In the midst of the near global lockdown caused by the coronavirus (COVID-19) pandemic, it can be hard to keep conversation flowing with your customers, stakeholders, partners and staff. With the current impossibility of face-to-face contact and the rapid rise in digital communications, your update in a deluge of company emails can be easily lost.
Video is the solution to cut through this traffic and is an extremely powerful way to communicate with an audience, quickly and directly, in periods of uncertainty. Some of the world’s largest travel and airline CEOs have recently been praised by Skift and Forbes for their good video practice, including Marriot International’s Arne Sorenson and Royal Caribbean Cruise Lines’ Richard Fain.
Video enables brands to demonstrate action, to maintain contact and show authenticity. But it can be daunting to know where to start when filming yourself at home. At 8020 we have an in-house video production service providing high-quality and affordable filming and editing for all our travel PR, aviation PR and transport PR clients. While we can’t come to you to film at present, our current efforts have focused on supporting our clients to film themselves, while we support the crafting of their communications, and editing of their videos in line with their company brand and house style.
Here are our top tips for video recording, armed with nothing more than your smartphone, a good backdrop, and your knowledge and expertise.
Prep your location
Make sure you’re in a bright room that has plenty of natural or artificial light. Find a position where you are well lit, but don’t position yourself with your back to a light source as this will leave your face in silhouette. Ideally, you should face a window or lamp.
The room should be quiet, with no background noise. Watch out for disruptive sound from air conditioning units or heaters, road traffic, pets, family members or alerts on your smartphone or computer.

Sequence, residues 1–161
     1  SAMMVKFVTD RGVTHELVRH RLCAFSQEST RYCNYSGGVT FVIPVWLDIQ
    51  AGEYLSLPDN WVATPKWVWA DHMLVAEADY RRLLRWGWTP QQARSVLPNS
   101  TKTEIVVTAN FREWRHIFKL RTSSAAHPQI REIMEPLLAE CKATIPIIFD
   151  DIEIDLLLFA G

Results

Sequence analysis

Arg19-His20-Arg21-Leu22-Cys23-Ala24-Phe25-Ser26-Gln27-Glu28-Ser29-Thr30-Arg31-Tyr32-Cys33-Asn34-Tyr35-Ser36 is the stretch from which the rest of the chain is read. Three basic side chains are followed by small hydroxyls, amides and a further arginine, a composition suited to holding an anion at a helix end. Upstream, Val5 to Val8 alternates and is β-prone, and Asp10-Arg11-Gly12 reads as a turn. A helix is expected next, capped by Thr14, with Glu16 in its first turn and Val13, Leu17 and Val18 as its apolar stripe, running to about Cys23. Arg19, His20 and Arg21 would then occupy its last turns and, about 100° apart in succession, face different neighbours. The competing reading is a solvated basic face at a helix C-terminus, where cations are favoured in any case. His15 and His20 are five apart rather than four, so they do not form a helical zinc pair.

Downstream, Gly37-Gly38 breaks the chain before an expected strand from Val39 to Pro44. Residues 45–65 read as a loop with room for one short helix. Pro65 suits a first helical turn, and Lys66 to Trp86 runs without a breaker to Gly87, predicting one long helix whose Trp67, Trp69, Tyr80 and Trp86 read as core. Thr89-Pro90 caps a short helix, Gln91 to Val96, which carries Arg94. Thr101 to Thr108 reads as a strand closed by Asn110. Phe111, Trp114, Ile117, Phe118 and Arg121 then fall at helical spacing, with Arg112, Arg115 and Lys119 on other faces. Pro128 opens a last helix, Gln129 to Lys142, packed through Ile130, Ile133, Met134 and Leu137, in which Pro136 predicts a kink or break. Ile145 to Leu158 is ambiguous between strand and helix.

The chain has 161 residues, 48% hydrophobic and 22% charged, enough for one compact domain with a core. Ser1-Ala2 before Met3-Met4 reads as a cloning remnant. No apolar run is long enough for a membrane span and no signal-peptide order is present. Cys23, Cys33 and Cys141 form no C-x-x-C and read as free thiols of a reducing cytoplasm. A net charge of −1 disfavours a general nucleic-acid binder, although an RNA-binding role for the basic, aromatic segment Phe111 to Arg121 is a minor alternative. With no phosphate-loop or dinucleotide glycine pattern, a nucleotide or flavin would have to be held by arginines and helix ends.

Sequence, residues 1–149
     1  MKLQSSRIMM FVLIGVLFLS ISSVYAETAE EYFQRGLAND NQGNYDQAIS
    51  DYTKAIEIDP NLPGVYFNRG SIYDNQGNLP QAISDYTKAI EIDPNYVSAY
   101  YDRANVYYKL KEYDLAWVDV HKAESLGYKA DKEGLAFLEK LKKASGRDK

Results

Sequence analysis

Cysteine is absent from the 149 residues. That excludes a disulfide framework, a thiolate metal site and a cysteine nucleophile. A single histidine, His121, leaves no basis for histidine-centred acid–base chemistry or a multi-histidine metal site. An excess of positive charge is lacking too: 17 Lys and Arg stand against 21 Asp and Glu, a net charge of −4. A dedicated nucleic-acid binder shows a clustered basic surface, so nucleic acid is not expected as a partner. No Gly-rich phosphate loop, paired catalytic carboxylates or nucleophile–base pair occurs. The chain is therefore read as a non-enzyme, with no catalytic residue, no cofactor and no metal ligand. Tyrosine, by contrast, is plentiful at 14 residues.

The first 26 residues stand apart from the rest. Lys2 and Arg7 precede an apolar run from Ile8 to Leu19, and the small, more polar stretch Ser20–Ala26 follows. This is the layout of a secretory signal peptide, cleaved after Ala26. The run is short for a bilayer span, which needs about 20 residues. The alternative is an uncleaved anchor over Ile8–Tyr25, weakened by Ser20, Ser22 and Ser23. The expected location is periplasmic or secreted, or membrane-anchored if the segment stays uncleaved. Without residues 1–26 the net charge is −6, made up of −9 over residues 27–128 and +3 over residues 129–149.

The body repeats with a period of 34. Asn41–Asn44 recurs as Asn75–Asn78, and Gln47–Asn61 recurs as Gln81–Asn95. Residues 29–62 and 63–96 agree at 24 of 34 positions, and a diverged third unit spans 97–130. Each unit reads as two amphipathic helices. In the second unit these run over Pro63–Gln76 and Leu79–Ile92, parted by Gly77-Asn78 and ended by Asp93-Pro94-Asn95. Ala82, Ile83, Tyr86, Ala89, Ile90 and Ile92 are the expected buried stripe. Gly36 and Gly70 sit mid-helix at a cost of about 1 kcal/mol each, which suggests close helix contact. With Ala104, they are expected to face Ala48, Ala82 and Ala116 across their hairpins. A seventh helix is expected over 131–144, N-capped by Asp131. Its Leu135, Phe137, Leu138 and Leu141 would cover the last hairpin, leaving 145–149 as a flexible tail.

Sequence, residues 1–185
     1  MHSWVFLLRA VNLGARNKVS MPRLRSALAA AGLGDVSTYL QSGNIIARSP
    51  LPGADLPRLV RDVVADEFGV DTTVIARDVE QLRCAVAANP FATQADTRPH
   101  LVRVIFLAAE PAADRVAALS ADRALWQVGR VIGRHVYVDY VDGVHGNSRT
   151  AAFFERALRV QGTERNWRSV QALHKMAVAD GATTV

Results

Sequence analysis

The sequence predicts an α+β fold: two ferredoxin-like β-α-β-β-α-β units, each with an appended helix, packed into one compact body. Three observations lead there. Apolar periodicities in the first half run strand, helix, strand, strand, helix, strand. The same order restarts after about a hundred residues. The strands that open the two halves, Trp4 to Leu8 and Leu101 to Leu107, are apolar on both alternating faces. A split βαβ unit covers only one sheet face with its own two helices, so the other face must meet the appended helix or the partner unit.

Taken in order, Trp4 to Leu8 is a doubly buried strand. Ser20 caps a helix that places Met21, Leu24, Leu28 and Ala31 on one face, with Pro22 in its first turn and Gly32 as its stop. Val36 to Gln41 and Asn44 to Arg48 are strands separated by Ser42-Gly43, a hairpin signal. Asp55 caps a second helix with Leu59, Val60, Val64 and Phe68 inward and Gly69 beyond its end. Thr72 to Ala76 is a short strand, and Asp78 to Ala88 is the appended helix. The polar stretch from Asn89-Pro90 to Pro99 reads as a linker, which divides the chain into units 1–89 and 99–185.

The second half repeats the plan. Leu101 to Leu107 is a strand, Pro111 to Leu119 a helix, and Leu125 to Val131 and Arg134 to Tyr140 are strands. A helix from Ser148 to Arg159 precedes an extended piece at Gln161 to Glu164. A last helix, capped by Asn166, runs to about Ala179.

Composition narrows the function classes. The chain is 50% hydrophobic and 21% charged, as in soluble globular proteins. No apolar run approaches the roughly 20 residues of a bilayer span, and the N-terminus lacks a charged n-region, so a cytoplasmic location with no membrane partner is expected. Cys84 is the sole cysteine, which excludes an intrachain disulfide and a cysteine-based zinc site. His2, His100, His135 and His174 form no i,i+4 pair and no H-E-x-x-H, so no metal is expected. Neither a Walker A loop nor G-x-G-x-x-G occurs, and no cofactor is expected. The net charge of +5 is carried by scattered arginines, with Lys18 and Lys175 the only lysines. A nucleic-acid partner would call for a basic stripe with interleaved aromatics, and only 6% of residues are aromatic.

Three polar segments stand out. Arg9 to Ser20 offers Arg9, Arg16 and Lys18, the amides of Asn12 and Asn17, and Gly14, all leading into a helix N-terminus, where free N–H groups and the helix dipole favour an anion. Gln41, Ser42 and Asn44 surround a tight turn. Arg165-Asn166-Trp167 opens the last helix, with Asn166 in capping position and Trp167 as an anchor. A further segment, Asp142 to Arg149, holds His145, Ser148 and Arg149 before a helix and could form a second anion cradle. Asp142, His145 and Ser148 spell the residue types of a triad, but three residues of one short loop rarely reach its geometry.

Set up your shot
Scrutinise your background. What does it say about you or your company? Make sure your setting is tidy and relevant. Your smartphone should be positioned horizontally, in landscape mode, and ideally propped up on a piece of flat furniture or supported by a member of your household with a steady grip!
You can sit or stand in your video but remember that you will need to stay in this position throughout the filming so choose something that is comfortable. Remember not to move too much during the recording, and if you stop and start midway, try and return to the same position. Place yourself slightly to one side of the frame, with a small amount of space above your head and under your face. Make sure the top of your torso, shoulders and head are in shot.
Practice makes perfect. Plan what you are going to say and run through it before you press record, so you can listen to yourself and check what you have to say works out loud.
To make the editing process smoother, start filming five seconds before you begin speaking and keep filming for five seconds after you stop, maintaining eye contact throughout. Look at your phone camera, and smile if appropriate. If you look off screen too much, when you are in thought for example, it can make you look suspicious and unconfident.
Don’t worry about making mistakes. Even the world’s top public speakers don’t get things right every time. Collect yourself and start again, you don’t need to stop and start filming. Keep that camera rolling.
It can be tempting to rush through the awkwardness of a video recording and just ‘get it done’ but remember this is your chance to speak to your customers and partners. You’re happy to give them this time. Speak clearly and at a regular pace.
In times of crisis
When you have lots to say and the tone and wording is particularly important, it can help to write a script. Gone are the days when a company CEO would look down at their notes. Apps are available to download including Teleprompter or BIGVU which can turn your phone or tablet into your very own autocue. Your script can roll slowly on your screen in time with your speech, with the text appearing near the forward camera lens so you can keep looking directly at your audience.